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This gorgeous day is also very good for flying. Some paragliders launched themselves from the top and give us some beautiful aerial photographs of the area:

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Slate mine

This layout is built in HOf by Bertram from Germany.

“I am a follower of Carl´s website from the early days on. May you remember my 2 little layouts that were shown at the scrapbook in 12/2007 (gravel mine) and 3/2013 (chocolate box). Now there are two new micro layouts which I built in late 2013 (“Slate Mine”) and early 2014 (“Kaulsdorfer Mühle”-mill and “Wuhle-Bräu”-brewery). These 4 micro layouts were shown at the 20th model railway show by the Berlin-Brandenburg section of the international “Dampfbahn Furka Bergstrecke” association in Berlin-Marzahn, Germany, in February 2014.

Today I want to introduce a real micro layout with a size of 30 cm to 27 cm. It shows a small slate mine with a light railway or tramway in H0f gauge (scale 1/87 light industrial railway).

Here is the story:

The layout shows the slate mine´s yard in front  of a high rock. A “Gmeinder” loco has left the mine at the left side. Before he brings the two flat cars – each carrying a big block of slate – to the workshop driver Paul has stopped for a short talk with his buddy Mario. At the right side the foreman already waits at the workshop (corrugates steel hut) for the load: the slate must be unloaded and split down before the resulting thin plates are dressed to shape.

Besides the workshop there is the repair shop. Mine management has bought an old loco from a brick works. This loco is on repair: It was newly painted and is now waiting for new axles.

The yard´s ground is covered with slate and some junk. Environmental protection is not a highlight at this company…

All running stuff (loco and flat cars) is from the German company Busch. As the Busch loco is light as a feather it has a magnet underneath. It´s counterpart is the track which has a metal sheet under the sleepers. The loco´s magnet presses it to the track and provides proper running action. The Busch loco is running with 3 V DC.

Because original Busch H0f light railway tracks are only available with large fixed radiuses I used Märklin Z scale flex track to be more flexible. To be sure that the loco will run correctly on these Z scale tracks I milled a groove into the baseboard and glued an iron wire into the groove. Than I glued the tracks onto the wire – and everything is fine.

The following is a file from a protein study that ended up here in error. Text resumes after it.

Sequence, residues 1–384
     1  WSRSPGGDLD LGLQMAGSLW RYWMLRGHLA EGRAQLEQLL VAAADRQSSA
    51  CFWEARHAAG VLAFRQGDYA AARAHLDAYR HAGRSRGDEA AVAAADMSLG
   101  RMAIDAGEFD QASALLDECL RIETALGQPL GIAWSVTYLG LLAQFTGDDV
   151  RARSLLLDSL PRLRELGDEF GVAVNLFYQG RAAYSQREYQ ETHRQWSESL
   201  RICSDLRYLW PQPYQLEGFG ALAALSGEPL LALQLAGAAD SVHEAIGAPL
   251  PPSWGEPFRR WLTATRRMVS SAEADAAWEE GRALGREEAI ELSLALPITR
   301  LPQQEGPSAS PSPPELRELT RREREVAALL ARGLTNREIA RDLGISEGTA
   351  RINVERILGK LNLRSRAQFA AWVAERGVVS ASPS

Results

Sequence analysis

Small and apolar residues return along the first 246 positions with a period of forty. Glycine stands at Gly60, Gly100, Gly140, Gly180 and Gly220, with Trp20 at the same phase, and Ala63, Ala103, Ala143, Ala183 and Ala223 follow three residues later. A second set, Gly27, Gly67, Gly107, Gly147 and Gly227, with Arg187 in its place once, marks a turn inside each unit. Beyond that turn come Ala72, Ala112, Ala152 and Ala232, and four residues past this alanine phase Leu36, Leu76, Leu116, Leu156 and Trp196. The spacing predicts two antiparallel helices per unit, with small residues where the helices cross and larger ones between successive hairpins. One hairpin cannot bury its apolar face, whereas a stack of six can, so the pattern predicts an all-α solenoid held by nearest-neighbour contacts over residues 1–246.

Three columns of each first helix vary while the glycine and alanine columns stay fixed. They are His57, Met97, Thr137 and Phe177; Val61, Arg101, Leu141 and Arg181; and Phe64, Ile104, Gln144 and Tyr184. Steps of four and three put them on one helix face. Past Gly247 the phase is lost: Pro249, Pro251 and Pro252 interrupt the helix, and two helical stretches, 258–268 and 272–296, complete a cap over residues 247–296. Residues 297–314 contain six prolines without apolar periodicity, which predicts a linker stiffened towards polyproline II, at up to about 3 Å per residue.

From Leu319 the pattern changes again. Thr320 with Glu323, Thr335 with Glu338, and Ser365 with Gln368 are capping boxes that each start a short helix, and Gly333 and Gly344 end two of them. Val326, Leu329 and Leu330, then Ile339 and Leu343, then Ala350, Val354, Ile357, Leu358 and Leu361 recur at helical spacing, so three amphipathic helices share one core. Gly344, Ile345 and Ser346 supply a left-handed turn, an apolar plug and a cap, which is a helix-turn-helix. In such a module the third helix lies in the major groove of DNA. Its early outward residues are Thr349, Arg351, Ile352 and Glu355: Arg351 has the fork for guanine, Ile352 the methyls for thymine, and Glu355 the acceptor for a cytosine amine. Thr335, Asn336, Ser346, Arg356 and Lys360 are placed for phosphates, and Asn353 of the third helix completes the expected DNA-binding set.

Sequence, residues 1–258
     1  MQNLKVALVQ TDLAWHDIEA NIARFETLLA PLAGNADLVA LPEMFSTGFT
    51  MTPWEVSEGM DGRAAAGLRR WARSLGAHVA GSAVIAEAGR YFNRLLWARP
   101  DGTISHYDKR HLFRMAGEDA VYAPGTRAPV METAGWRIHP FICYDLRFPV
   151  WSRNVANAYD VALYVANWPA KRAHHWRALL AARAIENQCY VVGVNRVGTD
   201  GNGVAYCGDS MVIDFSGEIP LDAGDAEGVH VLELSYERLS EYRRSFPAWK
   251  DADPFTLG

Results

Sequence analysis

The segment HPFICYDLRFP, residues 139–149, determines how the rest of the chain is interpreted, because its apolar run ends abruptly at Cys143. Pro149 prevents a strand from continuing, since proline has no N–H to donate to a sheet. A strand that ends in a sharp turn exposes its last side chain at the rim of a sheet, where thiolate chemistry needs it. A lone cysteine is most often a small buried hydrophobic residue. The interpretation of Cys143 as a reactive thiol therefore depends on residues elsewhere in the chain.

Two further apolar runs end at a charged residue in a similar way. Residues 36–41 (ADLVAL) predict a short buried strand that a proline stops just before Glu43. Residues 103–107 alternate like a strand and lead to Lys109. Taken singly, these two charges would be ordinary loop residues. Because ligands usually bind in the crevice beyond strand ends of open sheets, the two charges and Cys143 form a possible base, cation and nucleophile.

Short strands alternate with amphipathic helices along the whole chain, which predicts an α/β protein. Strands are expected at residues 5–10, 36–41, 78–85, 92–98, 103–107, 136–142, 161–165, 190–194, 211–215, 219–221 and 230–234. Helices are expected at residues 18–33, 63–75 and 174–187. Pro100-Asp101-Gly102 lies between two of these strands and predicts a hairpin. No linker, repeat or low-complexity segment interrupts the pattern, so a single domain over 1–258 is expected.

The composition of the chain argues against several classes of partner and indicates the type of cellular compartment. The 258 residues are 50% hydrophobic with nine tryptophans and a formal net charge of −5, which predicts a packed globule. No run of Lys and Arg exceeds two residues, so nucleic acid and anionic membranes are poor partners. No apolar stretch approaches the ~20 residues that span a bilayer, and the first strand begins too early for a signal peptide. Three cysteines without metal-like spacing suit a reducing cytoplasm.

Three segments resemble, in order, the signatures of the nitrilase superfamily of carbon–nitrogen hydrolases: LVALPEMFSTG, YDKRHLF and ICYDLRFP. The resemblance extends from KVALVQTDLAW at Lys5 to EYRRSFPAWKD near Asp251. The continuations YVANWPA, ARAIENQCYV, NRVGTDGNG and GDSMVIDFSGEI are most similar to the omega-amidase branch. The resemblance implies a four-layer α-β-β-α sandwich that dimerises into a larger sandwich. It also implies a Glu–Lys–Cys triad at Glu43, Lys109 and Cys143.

I used a large number of materials to build the layout:

–          The high rock wall is from Noch.

–          The wooden wall besides the mine´s entrance is made of coffee stirring sticks provided by the famous international burger restaurant of the Golden Seagull…

–          The old shed besides the mine´s entrance and the repair shop are Resin kits from Modellbau Luft.

–          The stone hut and the junk yard at the left are from Wills, UK.

–          The corrugated hut at the right side is made of a 40 years old East German plastic kit from VERO.

–          Workers and birds are from Preiser and Merten.

–          Other stuff is from Kotol (barrels, canisters, oilcans) and Auhagen (loco on repair, old flat cars, railway tracks in front of the repair shop).

–          The ground is covered with a mixture of milled slate and coffee grounds.”

For more info about the layout, here is a direct link (in German):

Bertram told me there is more to come! 😉

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That’s it for now! I hope you enjoyed! 🙂


  1. Les Murray says:

    Im glad you are putting up new layouts and looking forward to more

  2. Daniel Banks says:

    Love this batch of small layouts! Such creativity in these layouts! Very interesting the idea of a tiny viewing port on the Point and great story work on Spring layout!! Congrats to all the submitters on great little layouts!!

  3. Paul Lipiarski Jr says:

    Very nice work thank you so much. I especially liked the Slate Rwy and the connecting link to the builders’ website for his other work.

  4. Jon Winder says:

    Thanks for continuing Carl’s great hobby work. I have enjoyed it in the past and continue to enjoy it under your guidance. I enjoy each of the displays you show and get many ideas from them. They are all very ingenious and fun to look at.
    Cordially Jon

  5. Mike Gerrits says:

    I, too, would like to thank you for continuing with Carl’s work. I build micro modules in N scale for club shows. I’ll send some photos soon. A friend and I were featured several years ago, by Carl himself. 🙂

  6. Steve Sylvester says:

    It is some time since i visited the site and I would like to thank Gert for continuing the work of Carl who was very kind and understanding to me when others were less so.He answered my many emails and requests with stoic good humour and patience,for which I will be forever grateful.

    I am still looking for someone (Anywhere) to build for me a small layout in GN15 or 7/8ths indoors.
    Please feel free to contact me at any time if you can help…

    Very best wishes Steve